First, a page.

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Content comes and content goes, but what should you do with your out of date content? After all, you spent time, energy and possibly money to generate that content which was published in order to earn traffic. Even after months or a year it can still be useful right?

In some cases a company has an open-access content management system of staff members are constantly uploaded new ideas, blogs and articles. While those items are usually initially reviewed for accuracy and legitimacy, over time that content can quickly add up.

Did you know that all that content comes with a cost?

Content: Behind the Scenes

So what happens to a piece of content after it is posted? In a perfect world it is read, shared, liked, linked and so on. Then over time the hits dwindle as interest drops and suddenly nobody is looking at it.

If you wanted a visual imagine a library clerk taking the content off the “New” shelf and moving back to the “Reference Section”; a particular dreary location in the library now that everyone has access to the internet via phone.

But just because it is out of sight that does not mean it has left the building. In fact, for many companies, the reference section now takes up the entire basement, the third floor, fourth floor and is starting to fill up the break room.

What does this cost a business?

  • Time – It takes time to ensure published items are still relevant and accurate. Many companies never worry about this which is why you can easily find outdated material on the web when it should have simply been removed.
  • Money – Sure a few pieces of content don’t take up that much space but what about 3 million pages worth? That is the estimated number of pages Microsoft had available on line that were never visited by a user.
  • Usability of site – More data on servers not only slows down a site but can easily affect the ability of customers to search and find what they actually want. The harder it is to find what is needed typically lowers the satisfaction level. On top of that, older content can be difficult to utilize when a site makes a change or overhaul to its system, which has been seen recently as news outlets update sites and then spend months trying to properly archive and access old stories for users.

So what do you do about it?

For many sites you end up with a few different types of excess content over the years. There is redundant content, like a comprehensive article on the Top 10 SEO methods would make a prior article that listed the Top 5 SEO methods rather useless. Then you have things that are out of date such as an article on Web Design Trends for 2013. Finally you have trivial content which might seem interesting at the time but has no true staying power.

Combined people in the business often call this excess content by the acronym ROT for redundant, out of date, and trivial.

Your goal should be to cut back on, or remove entirely, the ROT that has accumulated on your site. How much ROT do you have? It is hard to say as it will vary from site to site based on the amount of and type of content you produce. If you take a guy-centric site like BroBible that churns out 6 to 12 pieces of content per day, much of which would fall under common ROT categories over a year period, you could easily be talking about 50-80% of their content that is a year or more old.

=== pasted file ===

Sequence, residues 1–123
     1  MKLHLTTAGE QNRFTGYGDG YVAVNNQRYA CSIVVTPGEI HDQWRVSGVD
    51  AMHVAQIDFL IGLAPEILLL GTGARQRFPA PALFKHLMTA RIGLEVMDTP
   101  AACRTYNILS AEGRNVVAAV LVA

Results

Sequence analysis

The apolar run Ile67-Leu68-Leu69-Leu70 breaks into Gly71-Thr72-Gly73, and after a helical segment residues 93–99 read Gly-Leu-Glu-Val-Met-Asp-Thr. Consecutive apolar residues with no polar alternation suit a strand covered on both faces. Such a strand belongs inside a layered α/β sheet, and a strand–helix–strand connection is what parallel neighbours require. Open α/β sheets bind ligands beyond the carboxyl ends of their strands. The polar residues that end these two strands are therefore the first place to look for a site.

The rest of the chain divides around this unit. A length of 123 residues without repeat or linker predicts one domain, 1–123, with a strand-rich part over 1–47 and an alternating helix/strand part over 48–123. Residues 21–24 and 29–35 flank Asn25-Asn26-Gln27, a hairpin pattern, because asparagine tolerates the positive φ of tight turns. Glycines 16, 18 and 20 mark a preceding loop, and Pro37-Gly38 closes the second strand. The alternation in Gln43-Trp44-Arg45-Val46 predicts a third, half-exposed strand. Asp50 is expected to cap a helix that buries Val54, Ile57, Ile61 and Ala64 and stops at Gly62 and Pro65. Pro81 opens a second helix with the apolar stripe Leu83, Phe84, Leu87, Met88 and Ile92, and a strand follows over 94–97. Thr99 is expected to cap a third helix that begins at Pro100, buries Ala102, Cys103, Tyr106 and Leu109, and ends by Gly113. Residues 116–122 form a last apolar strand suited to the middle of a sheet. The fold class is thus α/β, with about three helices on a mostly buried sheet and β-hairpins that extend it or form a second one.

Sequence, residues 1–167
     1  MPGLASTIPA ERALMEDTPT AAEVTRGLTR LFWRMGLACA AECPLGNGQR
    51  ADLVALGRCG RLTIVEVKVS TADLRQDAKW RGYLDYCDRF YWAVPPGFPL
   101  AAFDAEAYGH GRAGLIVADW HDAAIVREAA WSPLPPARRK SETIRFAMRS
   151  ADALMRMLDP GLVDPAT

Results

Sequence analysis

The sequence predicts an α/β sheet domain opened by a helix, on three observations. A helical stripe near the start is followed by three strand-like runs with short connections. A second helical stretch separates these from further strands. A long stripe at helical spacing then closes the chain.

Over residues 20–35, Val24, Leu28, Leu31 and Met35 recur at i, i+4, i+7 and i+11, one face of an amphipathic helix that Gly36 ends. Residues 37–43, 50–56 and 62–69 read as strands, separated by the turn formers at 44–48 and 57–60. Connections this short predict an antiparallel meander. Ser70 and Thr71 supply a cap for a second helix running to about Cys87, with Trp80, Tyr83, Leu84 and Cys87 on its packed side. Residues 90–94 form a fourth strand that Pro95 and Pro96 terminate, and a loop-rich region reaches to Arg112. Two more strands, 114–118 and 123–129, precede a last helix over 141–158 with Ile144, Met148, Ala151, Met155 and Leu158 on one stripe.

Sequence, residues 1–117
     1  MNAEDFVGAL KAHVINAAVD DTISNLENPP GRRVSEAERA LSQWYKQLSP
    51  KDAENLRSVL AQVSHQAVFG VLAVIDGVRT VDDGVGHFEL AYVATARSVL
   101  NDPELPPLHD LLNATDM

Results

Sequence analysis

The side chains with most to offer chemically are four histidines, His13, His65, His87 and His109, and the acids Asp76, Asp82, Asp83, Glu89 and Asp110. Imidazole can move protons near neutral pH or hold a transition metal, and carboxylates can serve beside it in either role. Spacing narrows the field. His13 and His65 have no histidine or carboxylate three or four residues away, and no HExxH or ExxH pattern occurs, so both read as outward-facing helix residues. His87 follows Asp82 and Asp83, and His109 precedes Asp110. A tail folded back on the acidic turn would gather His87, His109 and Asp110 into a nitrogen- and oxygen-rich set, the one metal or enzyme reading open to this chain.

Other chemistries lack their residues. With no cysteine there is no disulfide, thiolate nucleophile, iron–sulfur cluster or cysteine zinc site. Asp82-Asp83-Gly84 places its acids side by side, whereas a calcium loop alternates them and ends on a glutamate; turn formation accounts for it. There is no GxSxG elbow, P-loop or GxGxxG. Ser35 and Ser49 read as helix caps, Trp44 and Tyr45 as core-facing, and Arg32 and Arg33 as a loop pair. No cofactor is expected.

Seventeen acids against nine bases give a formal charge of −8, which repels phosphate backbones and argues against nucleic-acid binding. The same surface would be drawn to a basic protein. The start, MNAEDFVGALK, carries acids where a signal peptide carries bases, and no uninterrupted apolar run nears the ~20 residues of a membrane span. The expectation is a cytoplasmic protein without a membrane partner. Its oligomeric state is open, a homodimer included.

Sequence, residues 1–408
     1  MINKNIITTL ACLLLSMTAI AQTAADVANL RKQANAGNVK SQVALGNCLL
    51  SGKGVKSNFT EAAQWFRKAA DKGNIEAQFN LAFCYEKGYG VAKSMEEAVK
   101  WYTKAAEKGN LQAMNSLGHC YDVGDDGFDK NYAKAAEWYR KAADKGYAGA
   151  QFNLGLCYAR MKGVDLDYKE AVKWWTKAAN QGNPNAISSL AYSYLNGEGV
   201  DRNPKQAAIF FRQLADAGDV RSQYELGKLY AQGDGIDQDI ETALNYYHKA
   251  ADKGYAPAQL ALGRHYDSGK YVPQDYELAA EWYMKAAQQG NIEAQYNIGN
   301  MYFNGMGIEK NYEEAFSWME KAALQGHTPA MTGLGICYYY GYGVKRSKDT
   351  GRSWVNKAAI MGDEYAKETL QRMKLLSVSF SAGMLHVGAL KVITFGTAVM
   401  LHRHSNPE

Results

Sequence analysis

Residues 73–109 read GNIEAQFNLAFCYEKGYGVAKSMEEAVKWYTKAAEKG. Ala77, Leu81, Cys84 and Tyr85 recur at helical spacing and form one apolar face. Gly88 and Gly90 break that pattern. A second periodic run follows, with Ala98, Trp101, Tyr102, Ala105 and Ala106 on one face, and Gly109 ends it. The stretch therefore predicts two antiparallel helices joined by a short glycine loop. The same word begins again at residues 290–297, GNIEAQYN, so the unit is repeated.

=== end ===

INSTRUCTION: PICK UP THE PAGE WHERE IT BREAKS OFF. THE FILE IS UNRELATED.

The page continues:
Events come and go, popularity wanes, news is short-lived and trends fade making the ROT grow. The smart money is on creating a plan to deal with this dead content and immediately implement that plan, sticking to it like we do with the other important, yet somewhat boring tasks that all successful websites need to endure.

Methods to clean out the junk

Here are a few ideas to get the ball rolling, although each situation will differ based on the type of content you produce, how much there is, and how much of it is ROT:

  • Wipe the slate clean – With this approach you pick a specific date and remove the old content from before that date. This can be useful for sites that utilizing ROT heavy topics. From there you can then add back in content that was popular, even taking the time to update those pieces to create new content.
  • Search for redundant – This is a fairly easy step as you can use navigation, analytics and search results to find redundant content and then remove it.
  • Use analytics – Analytics are great for finding trivial content. You can easily make a policy to remove or at least review content that has fallen below a certain traffic level over a period of time.
  • Consider an archive – For those who are concerned about losing out on old content switch to an archive method that is available on a separate search platform. This cuts down on usability issues with your primary content. This is a great method to deal with out of date content by simply picking a date at which content jumps to the archives.
  • Create a cleaning schedule – Each month set aside time to clean files from that same month one year or two years ago. This ensures a large backlog never builds up again. You can also take this time for a quick review of various pages that have contact names, numbers, emails and the like to ensure they are up to date. You can even make individual authors responsible for their own content requiring them to log in every few months and categorize content or archive it.

The bottom line is that learning what should you do with your out of date content is an important and often overlooked aspect of the content process that every business should be aware of and be prepared to deal with.

This article was originally published in 24 June 2017. It was most recently updated in November 28, 2022 by

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